There is a data dump from the CBS that you should be able to find with Google called "Districts and Neighborhoods" or "Wijken en Buurten". This data contains some demographic data about a region ( municipality, district and down to neighborhood ), as counted by the CBS. As well, there is a data set called "Core figures", which translated to "kerncijfers" also supplied by the CBS.

The core figures go down to the postal code level, which does two things:

- Finer grained information than you already have (which is not very useful for marketing purposes)
- Establish a correlation between postal code and the neighborhood it is in, thus allowing you to map groups of people to neighborhood level, which is probably a good aggregation level for marketing.

Then I use a query to get the polygons out that I need through the postgis query API:

String wktFilter = getFilter( bounds );

WKTReader fromText = new WKTReader();

Geometry filter = null;

try{

filter = fromText.read(wktFilter.toString());

filter.setSRID( -1 );

} catch(ParseException e){

throw new RuntimeException("Not a WKT String:" + wktFilter);

}

Session s = HibernateUtil.currentSession();

Criteria testCriteria = s.createCriteria(Buurt.class);

testCriteria.add(SpatialRestrictions.intersects("theGeom",filter));

List

As such, I get the neighborhoods or other regions back that I want, based on my Google maps viewport :). That's already an important step, but doesn't finish there. Since the data in the Wijken en Buurten is RijksDriehoeksmeting (RD), it needs to be converted to the Datum that Google Maps uses. They're using WGS-84, a datum, which is basically a geoïd generally used for (probably) older GPS's. I'm using this code for now to convert between the two:

public static double[] rdtowgs( double X, double Y ) {

double dX = (X - 155000) * Math.pow( 10 , -5 );

double dY = (Y - 463000) * Math.pow( 10 , -5 );

double SomN = (3235.65389 * dY) + (-32.58297d * Math.pow( dX, 2)) + (-0.2475d * Math.pow( dY, 2)) + (-0.84978d * Math.pow( dX, 2) * dY) + (-0.0655d * Math.pow( dY, 3)) + (-0.01709d * Math.pow( dX, 2) * Math.pow( dY, 2)) + (-0.00738d * dX) + (0.0053d * Math.pow( dX, 4)) + (-0.00039d * Math.pow( dX, 2) * Math.pow( dY, 3)) + (0.00033d * Math.pow( dX, 4) * dY) + (-0.00012d * dX * dY);

double SomE = (5260.52916 * dX) + (105.94684d * dX * dY) + (2.45656d * dX * Math.pow( dY, 2)) + (-0.81885d * Math.pow( dX, 3)) + (0.05594d * dX * Math.pow( dY, 3)) + (-0.05607d * Math.pow( dX, 3) * dY) + (0.01199d * dY) + (-0.00256d * Math.pow( dX, 3) * Math.pow( dY, 2)) + (0.00128d * dX * Math.pow( dY, 4)) + (0.00022d * Math.pow( dY, 2)) + (-0.00022d * Math.pow( dX, 2)) + (0.00026d * Math.pow( dX, 5 ));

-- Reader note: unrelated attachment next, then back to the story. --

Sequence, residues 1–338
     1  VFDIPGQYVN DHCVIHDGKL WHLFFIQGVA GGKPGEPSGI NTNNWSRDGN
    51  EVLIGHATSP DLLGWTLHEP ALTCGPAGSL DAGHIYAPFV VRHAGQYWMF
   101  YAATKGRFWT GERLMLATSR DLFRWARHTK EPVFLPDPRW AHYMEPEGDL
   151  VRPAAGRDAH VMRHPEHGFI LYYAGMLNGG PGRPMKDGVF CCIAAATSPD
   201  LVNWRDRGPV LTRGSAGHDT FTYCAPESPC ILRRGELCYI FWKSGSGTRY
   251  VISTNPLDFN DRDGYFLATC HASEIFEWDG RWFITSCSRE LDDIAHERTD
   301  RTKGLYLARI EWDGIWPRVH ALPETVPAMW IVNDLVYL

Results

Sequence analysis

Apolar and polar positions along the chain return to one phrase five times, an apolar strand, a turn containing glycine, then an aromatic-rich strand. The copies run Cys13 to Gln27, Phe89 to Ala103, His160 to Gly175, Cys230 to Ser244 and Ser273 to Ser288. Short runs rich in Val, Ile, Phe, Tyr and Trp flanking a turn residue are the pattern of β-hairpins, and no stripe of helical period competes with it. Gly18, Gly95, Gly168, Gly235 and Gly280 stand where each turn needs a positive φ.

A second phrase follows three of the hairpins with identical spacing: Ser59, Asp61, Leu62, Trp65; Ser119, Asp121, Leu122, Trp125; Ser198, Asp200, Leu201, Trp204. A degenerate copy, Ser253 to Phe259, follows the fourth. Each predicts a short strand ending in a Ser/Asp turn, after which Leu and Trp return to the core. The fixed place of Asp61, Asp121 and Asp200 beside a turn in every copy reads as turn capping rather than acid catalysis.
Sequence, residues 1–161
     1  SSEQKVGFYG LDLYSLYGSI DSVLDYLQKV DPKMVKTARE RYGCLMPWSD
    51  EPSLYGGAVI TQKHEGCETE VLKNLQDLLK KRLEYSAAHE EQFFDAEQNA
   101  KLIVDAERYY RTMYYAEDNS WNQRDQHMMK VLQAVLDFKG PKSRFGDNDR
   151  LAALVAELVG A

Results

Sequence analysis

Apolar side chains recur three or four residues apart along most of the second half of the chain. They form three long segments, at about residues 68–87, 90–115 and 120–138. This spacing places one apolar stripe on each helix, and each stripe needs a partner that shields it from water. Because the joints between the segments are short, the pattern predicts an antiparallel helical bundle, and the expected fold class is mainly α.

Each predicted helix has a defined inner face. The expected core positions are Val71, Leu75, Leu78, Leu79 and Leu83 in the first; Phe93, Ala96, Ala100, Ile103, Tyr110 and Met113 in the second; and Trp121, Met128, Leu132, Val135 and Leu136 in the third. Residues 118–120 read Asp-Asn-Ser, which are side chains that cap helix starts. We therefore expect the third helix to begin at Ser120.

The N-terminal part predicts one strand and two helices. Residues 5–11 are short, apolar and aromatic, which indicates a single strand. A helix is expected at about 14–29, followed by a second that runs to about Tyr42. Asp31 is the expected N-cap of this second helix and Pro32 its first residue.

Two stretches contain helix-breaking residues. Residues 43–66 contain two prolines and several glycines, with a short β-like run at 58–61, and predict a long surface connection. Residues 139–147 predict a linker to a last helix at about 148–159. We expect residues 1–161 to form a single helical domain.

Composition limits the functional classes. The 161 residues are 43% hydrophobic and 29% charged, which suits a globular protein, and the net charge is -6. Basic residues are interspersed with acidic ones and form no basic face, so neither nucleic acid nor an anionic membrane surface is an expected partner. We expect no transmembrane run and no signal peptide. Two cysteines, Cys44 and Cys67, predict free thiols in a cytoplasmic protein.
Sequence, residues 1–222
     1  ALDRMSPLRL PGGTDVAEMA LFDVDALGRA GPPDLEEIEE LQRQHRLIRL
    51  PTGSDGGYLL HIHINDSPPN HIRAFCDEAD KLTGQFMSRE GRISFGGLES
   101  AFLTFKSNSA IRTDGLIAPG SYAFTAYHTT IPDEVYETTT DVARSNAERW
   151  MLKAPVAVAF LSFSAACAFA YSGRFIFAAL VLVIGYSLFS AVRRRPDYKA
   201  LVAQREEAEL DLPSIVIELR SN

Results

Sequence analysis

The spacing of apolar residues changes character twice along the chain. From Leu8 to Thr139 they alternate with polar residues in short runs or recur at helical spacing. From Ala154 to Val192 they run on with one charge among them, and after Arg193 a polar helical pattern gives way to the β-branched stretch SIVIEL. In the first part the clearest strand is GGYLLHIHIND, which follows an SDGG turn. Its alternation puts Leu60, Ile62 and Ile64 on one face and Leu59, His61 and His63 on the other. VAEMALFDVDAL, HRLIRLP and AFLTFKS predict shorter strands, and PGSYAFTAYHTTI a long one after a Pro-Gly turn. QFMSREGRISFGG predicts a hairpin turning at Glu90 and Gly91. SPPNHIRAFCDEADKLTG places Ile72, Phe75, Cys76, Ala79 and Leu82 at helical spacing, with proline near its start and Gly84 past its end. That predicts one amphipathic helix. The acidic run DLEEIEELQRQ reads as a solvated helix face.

double ret[] = new double[ 2 ];

ret[ 0 ] = 52.15517d + (SomN / 3600);

ret[ 1 ] = 5.387206d + (SomE / 3600);

return ret;

}

public static double[] wgstord( double Latitude, double Longitude ) {

double dF = 0.36d * (Latitude - 52.15517440d);

double dL = 0.36d * (Longitude - 5.38720621d);

double SomX= (190094.945d * dL) + (-11832.228d * dF * dL) + (-144.221d * Math.pow( dF, 2 ) * dL) + (-32.391d * Math.pow( dL, 3) ) + (-0.705d * dF) + (-2.340d * Math.pow( dF, 3 ) * dL) + (-0.608d * dF * Math.pow( dL, 3 )) + (-0.008d * Math.pow( dL, 2 ) ) + (0.148d * Math.pow( dF, 2 ) * Math.pow( dL, 3 ) );

double SomY = (309056.544d * dF) + (3638.893d * Math.pow( dL, 2 )) + (73.077d * Math.pow( dF, 2 ) ) + (-157.984d * dF * Math.pow( dL, 2 )) + (59.788d * Math.pow( dF, 3 ) ) + (0.433d * dL) + (-6.439d * Math.pow( dF, 2 ) * Math.pow( dL, 2 )) + (-0.032d * dF * dL) + (0.092d * Math.pow( dL, 4 )) + (-0.054d * dF * Math.pow( dL, 4 ) );

double ret[] = new double[ 2 ];

ret[ 0 ] = 155000 + SomX;

ret[ 1 ] = 463000 + SomY;

return ret;

}

So there goes that! Any data coming back from the UI needs to be converted into RD first (the bounds), before querying the data on the viewport.

We're still working on refining things, like encoded polygons and possibly some caching, but in compiled form the app is a lot quicker than in the GWT shell. At the moment we're simply forwarding the individual points, but that's not as efficient and probably not as precise. That shouldn't take too long to get done however. Well, the rest of the application is just using the Google Map Library and putting that little map on the screen. That means using the proper events, hooks and scriptlets, to use the old MS word inbetween.

The figures are from 2004 and have been slightly updated for 2006, but probably not too much. The real figures about inhabitants are from 2009 and are based on the GBA, but some effort has been made to change things where problems could ensue regarding privacy.

What's the use? Well, together with the postal code, which is often requested, or with the customer's IP through geo targeting, you can start data mining. Marketers can quite easily develop certain profiles of what they're selling. By the IP the region can be quickly discovered, which may then give clues about preferences if the person is not known otherwise by login for example (any preferences or login that you have is far more useful than this silly method of customer targeting).

Based on the region/IP/postal code, you can find out what kind of products are more likely to suit the visitor. Thus, it provides a way to adjust the web content to the person that's visiting. Any other smaller clues like the first three clicks could theoretically tell you the rest of what the person is trying to do, or why your site is visited.

Some other sites like funda.nl use similar databases, although I believe they've probably paid around 7,000 EUR for a postal database which is slightly more precise. The CBS borders are those borders established by the government.

This little thing that you see on the page is interactive, only loads what it needs based on the viewport bounds and was hacked together in 16 hours.